art, in New York, as an importer, jobber, and retailer of fancy How

and other dry goods? It has taken him a long time to acquire

that position. He has worked for it, taken great pains, acquired did great skill and taste, and from a small beginning, has grown rich; S. b.


has erected a magnificent marble edifice, with sumptuous fittings; employs a hundred clerks; has reduced everything to system, to go like a clock; and he is able, by all his experience, with his this capital, and by blending importing with jobbing and retailing, to he.esell a little cheaper, and a little better. So, at least, it is believed; and that is enough. His position is without a rival. Nobody can compete with him.



Stewart, among the New York merchants of the same class, is like Great Britain among nations. He necessarily keeps in check others, who, but for him, would rise. It is admitted that it is hard, for others, in the same line of business, to stand up against him, and that they suffer great disadvantage from the superiority of his position.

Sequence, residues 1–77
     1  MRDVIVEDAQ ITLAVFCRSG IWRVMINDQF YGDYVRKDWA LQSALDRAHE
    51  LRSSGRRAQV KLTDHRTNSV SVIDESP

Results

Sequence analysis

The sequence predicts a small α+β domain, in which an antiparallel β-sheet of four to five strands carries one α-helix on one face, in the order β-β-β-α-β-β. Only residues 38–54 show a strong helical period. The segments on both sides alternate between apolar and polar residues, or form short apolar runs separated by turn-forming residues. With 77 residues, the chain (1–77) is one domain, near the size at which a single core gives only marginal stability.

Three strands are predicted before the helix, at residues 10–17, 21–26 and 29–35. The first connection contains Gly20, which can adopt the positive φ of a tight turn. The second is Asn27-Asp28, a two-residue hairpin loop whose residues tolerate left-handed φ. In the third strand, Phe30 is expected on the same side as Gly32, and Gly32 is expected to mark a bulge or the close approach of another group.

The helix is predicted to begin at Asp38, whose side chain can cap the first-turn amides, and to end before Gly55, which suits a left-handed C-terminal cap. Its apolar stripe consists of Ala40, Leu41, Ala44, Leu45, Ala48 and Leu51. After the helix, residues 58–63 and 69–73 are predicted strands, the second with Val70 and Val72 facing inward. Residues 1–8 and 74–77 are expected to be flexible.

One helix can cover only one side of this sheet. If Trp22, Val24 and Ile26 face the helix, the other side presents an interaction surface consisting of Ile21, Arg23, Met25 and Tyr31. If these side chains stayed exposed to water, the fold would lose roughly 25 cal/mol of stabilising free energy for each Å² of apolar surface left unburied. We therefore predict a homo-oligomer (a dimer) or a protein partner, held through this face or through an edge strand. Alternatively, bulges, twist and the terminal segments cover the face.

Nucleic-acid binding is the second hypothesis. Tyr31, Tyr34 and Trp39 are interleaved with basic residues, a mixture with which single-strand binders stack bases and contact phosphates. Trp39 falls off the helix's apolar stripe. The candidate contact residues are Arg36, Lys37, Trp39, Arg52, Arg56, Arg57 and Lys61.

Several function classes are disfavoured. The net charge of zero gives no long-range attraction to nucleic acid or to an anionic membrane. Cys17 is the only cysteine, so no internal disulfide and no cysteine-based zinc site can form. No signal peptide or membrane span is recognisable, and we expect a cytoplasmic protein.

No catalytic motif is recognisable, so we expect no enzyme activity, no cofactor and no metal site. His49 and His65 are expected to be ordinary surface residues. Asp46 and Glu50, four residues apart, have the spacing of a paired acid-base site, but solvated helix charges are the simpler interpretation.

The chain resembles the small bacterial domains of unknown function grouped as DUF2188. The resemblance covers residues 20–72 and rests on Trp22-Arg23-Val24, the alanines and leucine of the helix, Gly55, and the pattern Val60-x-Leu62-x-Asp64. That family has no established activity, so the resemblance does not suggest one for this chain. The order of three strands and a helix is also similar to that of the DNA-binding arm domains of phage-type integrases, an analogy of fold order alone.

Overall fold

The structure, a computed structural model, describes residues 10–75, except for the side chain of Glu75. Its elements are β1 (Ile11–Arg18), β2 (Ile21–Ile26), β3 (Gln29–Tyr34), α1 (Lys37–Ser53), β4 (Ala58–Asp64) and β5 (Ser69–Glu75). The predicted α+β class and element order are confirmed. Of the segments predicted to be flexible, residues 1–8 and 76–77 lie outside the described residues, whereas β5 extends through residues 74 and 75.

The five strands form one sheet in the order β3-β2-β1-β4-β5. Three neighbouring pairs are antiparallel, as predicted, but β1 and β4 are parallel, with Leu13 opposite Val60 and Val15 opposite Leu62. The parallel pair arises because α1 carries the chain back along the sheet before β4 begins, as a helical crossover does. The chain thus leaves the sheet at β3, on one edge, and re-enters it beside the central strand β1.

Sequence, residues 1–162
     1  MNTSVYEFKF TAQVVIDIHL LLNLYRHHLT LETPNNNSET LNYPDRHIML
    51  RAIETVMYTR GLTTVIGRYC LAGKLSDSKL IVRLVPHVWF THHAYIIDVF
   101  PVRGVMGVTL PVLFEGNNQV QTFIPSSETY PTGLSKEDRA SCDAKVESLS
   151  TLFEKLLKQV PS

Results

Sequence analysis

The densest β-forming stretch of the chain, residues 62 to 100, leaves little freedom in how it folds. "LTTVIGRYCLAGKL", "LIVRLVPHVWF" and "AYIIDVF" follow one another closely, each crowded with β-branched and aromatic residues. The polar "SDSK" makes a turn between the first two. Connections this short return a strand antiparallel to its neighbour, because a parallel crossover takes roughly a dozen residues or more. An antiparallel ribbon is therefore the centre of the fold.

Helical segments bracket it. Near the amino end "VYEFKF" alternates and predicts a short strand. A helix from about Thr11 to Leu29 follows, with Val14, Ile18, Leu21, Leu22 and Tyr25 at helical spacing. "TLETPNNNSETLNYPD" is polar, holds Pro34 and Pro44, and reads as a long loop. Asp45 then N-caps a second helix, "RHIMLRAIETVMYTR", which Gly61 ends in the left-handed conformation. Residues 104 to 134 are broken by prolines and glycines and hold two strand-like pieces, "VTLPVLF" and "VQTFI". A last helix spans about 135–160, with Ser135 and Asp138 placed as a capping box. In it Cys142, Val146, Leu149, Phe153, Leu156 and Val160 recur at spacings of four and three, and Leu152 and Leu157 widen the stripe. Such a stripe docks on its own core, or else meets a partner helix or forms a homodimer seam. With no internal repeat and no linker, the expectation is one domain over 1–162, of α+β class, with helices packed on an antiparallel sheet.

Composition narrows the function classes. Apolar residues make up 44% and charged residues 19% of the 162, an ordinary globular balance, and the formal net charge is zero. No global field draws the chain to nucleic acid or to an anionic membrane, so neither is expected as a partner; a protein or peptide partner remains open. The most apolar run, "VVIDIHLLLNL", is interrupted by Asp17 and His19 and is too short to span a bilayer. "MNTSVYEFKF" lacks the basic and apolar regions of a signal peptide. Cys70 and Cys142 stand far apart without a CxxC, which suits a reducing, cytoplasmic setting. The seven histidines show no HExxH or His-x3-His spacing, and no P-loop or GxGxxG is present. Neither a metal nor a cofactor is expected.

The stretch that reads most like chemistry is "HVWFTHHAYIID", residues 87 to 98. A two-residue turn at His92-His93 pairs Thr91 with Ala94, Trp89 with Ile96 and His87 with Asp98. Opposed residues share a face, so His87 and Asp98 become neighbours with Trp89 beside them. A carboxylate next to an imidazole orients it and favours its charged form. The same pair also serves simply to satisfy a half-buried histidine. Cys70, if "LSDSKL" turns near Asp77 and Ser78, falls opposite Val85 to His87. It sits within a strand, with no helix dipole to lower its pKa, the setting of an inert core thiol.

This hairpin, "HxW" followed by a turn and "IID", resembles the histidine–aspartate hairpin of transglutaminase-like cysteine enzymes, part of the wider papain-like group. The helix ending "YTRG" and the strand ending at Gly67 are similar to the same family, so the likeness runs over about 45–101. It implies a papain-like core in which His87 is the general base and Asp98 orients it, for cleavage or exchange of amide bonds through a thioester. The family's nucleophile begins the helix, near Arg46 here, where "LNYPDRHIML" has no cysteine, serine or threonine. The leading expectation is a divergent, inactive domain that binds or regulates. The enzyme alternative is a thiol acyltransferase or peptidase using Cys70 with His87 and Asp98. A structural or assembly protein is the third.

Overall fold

It is singular, though characteristic, that Adam Smith, in arguing against a protective system-he is at one time on one side, and at another on the other side-should have advanced the very principle we are now endeavoring to elucidate as constituting the neces sity of such a system. He says: "A rich man, who is himself a manufacturer, is a very dangerous neighbor to all those who deal in the same way." We not only grant Adam Smith his principle, here laid down, but we claim and appropriate it. Great Britain occupies, in relation to her neighbors, to all other nations, precisely the position of Adam Smith's "rich manufacturer." She " is a very dangerous neighbor to all those who deal in the same way."